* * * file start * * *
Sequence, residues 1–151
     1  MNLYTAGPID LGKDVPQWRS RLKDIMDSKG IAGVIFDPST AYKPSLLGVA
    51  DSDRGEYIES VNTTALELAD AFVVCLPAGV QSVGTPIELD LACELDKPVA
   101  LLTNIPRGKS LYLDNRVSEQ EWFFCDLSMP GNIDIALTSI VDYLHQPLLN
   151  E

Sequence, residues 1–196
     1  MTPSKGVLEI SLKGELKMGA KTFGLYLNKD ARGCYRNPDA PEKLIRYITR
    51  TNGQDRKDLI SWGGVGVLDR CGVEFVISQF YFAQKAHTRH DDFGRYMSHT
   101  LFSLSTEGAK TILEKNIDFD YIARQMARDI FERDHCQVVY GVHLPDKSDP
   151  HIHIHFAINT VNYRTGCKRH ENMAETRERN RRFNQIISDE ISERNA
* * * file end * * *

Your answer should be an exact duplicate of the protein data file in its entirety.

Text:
Sequence, residues 1–151
     1  MNLYTAGPID LGKDVPQWRS RLKDIMDSKG IAGVIFDPST AYKPSLLGVA
    51  DSDRGEYIES VNTTALELAD AFVVCLPAGV QSVGTPIELD LACELDKPVA
   101  LLTNIPRGKS LYLDNRVSEQ EWFFCDLSMP GNIDIALTSI VDYLHQPLLN
   151  E

Sequence, residues 1–196
     1  MTPSKGVLEI SLKGELKMGA KTFGLYLNKD ARGCYRNPDA PEKLIRYITR
    51  TNGQDRKDLI SWGGVGVLDR CGVEFVISQF YFAQKAHTRH DDFGRYMSHT
   101  LFSLSTEGAK TILEKNIDFD YIARQMARDI FERDHCQVVY GVHLPDKSDP
   151  HIHIHFAINT VNYRTGCKRH ENMAETRERN RRFNQIISDE ISERNA